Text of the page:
My mother was on her last week of radiation when she became extremely weak. So weak she could not get out of bed. My dad grew concerned and called the ambulance. She was again rushed to my hospital where she was treated. Her blood pressure was low and she had developed pressure ulcers from being too weak to turn herself in bed. Furthermore she was constantly vomiting. Things improved when she got better and then was moved to the rehabilitation unit so she can start walking again.
At this time I was starting to get burnt out. The constant trips to and from the oncology clinic and the working 12 hour shifts in between was putting a toll on me. I knew it but I could not let myself go weak. Not for my mother. Not this time. Then the further questions kept coming. “Why is your mother getting so sick? Is the chemotherapy making her sick? You are a nurse you know better you should intervene. They should stop the radiation and chemotherapy and go natural.” All of a sudden people who had no form of medical training were WebMD and google experts reading and rhyming off facts to me as if I should know and intervene. The problem is that I knew what was happening and I understood what was going on. And I knew that the outcome was not going to be good. And I was afraid.
I was afraid that my mother’s time was about to expire. But I was in denial. I still remained hopeful that my mother would pull through this. I mean this was a woman who sacrificed all her years supporting the family and even taking in other relatives into our home and establishing them with a foundation before they moved out.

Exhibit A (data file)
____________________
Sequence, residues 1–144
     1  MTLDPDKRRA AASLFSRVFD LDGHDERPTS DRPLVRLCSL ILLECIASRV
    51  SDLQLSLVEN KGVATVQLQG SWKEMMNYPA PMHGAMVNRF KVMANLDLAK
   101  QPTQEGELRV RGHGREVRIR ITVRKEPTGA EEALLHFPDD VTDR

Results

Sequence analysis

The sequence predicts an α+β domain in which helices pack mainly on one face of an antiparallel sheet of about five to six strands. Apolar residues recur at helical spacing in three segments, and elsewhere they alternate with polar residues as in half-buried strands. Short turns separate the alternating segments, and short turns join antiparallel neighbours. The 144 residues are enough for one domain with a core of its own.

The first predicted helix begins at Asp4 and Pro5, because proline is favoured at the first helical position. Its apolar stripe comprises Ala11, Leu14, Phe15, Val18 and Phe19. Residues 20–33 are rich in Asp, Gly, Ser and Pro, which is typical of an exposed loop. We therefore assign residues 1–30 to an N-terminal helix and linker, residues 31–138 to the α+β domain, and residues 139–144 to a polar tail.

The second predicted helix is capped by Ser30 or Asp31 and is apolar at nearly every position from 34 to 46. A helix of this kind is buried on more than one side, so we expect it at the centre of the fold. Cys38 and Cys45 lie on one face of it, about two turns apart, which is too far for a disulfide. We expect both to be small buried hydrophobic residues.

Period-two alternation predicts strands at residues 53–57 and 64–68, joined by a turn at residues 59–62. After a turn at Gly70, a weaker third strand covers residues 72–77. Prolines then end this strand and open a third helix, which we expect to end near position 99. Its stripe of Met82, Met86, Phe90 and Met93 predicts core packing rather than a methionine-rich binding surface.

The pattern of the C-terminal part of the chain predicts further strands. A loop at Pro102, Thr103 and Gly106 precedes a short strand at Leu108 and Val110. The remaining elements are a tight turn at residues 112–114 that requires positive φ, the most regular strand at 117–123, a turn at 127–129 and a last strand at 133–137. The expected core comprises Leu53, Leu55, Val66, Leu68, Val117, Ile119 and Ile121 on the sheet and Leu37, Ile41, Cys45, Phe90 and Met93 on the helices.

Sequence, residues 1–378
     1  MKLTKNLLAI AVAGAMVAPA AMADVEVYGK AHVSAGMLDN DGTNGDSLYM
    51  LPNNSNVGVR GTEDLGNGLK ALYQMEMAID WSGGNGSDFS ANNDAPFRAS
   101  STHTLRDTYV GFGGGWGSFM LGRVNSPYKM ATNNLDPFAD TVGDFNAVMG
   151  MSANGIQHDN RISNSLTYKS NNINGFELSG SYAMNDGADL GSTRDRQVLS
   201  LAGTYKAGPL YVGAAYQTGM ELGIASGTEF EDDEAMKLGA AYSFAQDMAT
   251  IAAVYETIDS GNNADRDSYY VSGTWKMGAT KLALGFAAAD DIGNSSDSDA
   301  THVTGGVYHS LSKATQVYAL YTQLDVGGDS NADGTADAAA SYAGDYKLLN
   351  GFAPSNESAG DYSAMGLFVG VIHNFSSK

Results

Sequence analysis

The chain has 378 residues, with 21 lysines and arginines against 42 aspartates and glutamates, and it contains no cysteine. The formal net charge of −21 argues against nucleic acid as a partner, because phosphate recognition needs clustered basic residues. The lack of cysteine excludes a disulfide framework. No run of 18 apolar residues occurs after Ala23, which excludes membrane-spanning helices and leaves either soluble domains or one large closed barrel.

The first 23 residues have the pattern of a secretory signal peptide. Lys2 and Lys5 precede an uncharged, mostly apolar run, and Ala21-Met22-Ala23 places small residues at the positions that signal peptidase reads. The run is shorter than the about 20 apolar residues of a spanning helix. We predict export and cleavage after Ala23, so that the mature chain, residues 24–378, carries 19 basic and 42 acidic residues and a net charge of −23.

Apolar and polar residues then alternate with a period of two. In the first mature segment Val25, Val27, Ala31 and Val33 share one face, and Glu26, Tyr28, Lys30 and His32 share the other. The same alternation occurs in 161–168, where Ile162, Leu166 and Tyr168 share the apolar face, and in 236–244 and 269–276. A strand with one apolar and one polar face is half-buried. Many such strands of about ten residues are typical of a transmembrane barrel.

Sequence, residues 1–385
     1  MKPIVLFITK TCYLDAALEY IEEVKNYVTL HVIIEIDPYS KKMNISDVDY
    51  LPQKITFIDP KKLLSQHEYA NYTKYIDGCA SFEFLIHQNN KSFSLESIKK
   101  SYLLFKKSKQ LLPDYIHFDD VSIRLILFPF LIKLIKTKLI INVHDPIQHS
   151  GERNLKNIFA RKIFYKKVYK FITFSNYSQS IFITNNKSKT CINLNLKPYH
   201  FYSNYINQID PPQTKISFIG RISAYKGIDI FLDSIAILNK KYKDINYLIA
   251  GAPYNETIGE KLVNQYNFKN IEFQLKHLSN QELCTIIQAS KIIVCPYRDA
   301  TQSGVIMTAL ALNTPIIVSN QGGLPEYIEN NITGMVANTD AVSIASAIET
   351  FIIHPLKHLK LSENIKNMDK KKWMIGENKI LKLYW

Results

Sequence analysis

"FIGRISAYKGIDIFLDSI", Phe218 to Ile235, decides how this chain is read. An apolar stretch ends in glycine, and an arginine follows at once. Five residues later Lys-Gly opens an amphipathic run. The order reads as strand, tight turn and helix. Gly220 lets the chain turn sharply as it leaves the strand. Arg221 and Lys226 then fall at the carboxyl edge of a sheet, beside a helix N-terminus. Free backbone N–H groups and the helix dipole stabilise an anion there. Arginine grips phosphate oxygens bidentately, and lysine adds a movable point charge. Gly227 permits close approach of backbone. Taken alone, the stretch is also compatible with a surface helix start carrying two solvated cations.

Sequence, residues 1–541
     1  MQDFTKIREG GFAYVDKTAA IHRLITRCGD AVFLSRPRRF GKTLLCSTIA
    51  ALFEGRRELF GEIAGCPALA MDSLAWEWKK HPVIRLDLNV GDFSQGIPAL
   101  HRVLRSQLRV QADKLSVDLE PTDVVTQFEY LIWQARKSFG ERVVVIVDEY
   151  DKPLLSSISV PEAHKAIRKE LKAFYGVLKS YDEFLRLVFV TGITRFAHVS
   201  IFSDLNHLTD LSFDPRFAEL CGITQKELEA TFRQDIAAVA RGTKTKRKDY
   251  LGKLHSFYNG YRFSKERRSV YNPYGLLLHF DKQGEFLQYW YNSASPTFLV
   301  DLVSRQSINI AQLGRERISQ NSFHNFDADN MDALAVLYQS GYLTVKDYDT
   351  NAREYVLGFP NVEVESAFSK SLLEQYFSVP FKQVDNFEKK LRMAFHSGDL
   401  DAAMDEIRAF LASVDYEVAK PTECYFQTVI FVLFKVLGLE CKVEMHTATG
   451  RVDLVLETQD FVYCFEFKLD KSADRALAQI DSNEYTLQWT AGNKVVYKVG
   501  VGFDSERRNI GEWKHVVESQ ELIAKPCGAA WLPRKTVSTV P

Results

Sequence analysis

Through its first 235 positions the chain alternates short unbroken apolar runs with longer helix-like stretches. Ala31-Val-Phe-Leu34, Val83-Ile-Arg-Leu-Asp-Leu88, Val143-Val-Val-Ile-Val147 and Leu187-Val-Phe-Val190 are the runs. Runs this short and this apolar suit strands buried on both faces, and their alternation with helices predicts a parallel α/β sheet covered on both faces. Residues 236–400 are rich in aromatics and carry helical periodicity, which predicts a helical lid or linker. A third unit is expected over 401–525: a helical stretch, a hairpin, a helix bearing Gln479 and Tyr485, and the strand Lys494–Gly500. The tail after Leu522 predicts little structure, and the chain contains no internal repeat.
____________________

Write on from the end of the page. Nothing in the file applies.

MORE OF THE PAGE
My father received a call from the hospital the next morning stating that thing were looking worse for my mother. The end was near. My father and my aunt had gotten me up from bed and we drove the the hospital. It was time to face my fears.
And That’s when my world came crashing down.
Reality had hit me. My body felt limped, paralyzed. I was like a zombie. My aunt and father literally had to drag me out of the car and drag me into the unit that my mother was on. Imagine dragging a 6’0 240lbs big guy. I’m sure people watched. I’m sure onlookers pointed. I’m sure some staff recognized who I was. My aunt was scared. She had never seen me like this. In my catonic state I could hear my aunt frightened suggesting that I should go into emergency as I did not look good. My father refused. He knew that this was his son who was not in need of a medical emergency. This was a son who was in need of his mother.